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We have a large dataset that's current residing in many, many spreadsheets.
I've been tasked with getting part of that data into our MySQL DB.
When all is said and done, I will probably be inserting somewhere around 3 million rows.

I intend to collect the inserts into batches of about a quarter-million or so (parsing through it with PHP).
Initially, my plan was to just run/send those batch INSERTs straight from my script.
More recently, though, I thought about actually writing out the INSERTs to .sql files for later importing.

I tried to google around on this a little ... didn't find much.
Are there any real pro's/con's one way or the other?
If not, I'm inclined to stick with my original plan.
Otherwise, I'm completely open to suggestions.

  • Bear in mind that a PHP script running via a webserver usually has an execution time limit. If you are importing a large amount of data, you may encounter timeout issues. There is no time limit when running the script via the command line directly through php though. – Gavin Coates May 23 '14 at 12:56
  • Your Database can do this better then any php script you come up with. – Pieter B May 23 '14 at 13:21
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I think importing millions of records through the php script is not a good idea. What you can do is, prepare multiple .sql files with bunch of records based on the setting of execution time and memory of your server. and put it in one fixed location directory also .sql file name with some logical sequence so that we can read the file programmatically.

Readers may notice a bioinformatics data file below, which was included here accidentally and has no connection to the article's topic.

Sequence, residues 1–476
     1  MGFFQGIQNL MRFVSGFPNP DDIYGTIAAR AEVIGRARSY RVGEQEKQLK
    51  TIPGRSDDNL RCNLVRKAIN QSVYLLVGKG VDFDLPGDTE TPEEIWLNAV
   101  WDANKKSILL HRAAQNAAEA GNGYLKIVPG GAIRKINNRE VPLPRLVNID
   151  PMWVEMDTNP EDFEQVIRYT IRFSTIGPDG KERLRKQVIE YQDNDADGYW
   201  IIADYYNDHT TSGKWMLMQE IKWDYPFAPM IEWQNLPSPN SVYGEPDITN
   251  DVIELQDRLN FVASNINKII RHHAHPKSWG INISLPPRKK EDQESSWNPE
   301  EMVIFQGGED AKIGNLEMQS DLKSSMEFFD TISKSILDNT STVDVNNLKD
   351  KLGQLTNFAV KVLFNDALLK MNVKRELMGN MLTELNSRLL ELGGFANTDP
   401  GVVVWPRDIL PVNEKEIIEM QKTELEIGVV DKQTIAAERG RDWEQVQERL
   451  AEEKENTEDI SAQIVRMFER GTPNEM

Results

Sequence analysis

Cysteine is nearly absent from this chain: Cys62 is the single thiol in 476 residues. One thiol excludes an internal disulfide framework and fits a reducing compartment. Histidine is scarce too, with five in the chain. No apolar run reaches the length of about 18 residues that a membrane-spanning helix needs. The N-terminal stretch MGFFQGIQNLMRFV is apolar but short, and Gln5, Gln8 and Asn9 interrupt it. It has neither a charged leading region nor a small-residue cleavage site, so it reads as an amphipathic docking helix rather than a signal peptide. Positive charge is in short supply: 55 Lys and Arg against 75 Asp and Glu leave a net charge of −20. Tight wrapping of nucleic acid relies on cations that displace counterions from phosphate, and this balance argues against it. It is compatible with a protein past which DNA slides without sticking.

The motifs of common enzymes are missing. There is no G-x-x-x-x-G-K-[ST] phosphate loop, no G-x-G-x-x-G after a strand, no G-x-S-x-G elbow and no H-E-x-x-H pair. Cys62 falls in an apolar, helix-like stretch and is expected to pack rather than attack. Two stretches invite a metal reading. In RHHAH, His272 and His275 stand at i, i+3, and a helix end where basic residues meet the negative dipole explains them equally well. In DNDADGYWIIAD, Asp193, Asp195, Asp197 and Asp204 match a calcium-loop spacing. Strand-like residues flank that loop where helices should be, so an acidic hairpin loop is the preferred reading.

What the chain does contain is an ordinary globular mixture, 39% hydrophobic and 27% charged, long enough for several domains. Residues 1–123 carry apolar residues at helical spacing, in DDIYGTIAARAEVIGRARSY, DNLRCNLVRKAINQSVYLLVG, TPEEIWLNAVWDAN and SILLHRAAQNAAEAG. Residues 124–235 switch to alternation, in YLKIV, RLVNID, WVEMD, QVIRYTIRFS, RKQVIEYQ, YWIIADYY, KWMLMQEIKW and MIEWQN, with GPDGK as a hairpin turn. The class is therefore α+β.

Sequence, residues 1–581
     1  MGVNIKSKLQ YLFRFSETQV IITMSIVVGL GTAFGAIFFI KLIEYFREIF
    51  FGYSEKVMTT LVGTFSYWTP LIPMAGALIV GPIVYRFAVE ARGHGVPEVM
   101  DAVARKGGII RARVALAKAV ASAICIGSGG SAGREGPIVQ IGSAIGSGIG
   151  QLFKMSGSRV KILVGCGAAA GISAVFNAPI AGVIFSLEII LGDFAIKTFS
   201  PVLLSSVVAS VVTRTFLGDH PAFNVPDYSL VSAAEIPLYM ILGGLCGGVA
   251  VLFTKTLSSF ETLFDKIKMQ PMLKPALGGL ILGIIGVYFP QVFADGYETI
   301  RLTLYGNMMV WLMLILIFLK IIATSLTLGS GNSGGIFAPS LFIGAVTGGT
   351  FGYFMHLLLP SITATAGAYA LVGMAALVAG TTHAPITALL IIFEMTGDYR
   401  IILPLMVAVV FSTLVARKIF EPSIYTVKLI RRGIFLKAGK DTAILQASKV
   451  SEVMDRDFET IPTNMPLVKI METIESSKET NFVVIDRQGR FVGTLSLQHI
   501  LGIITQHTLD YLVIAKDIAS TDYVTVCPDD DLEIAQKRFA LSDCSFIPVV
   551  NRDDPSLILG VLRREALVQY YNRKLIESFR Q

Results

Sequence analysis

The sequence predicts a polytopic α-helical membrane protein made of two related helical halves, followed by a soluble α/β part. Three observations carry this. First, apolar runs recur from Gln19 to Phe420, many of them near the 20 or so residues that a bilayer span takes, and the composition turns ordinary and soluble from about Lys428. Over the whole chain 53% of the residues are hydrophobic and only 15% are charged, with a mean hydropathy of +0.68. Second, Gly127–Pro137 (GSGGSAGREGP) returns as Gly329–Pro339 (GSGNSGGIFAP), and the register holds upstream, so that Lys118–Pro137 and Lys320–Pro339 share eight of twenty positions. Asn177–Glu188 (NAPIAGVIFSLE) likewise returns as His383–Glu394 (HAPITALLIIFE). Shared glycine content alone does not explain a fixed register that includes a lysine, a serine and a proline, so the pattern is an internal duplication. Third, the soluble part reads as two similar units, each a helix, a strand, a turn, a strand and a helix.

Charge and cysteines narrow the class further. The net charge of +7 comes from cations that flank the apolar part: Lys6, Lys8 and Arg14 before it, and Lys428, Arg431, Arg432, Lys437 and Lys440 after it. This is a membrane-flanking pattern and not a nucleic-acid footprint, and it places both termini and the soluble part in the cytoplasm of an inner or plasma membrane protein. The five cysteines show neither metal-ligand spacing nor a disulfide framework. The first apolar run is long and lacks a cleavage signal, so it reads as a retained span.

Write small shell script which extract each file entry in that particular directory. In terms of UNIX/LINUX you need to write shell script. If it is windows server you need to write batch file.

and within that batch file write following command.

mysql -u userName -p password databaseName < FileName.sql > logfile.log

Now lets assume that I had created 10 sql file. so I named as 1.sql, 2.sql and so on and access those in loop using shell script/batch file.

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The only major plus I see one way or the other is that by making the .sql files, if some problem occurs and you have to blow away the database and re-do the import process, you don't have to re-run your scripts against the spreadsheets. Or looking at it another way, you can test the process on a test server before doing the actual import.

But if this is just a one time thing, ultimately, either would suffice.

  • Agreed, if you were going to do it multiple times then I'd be looking at writing some logic to detect failed inserts and report them, and perhaps give the option of retrying or throwing away the entire import - but for a one-off, it's not worth the extra effort. – Steve Hill May 23 '14 at 11:16

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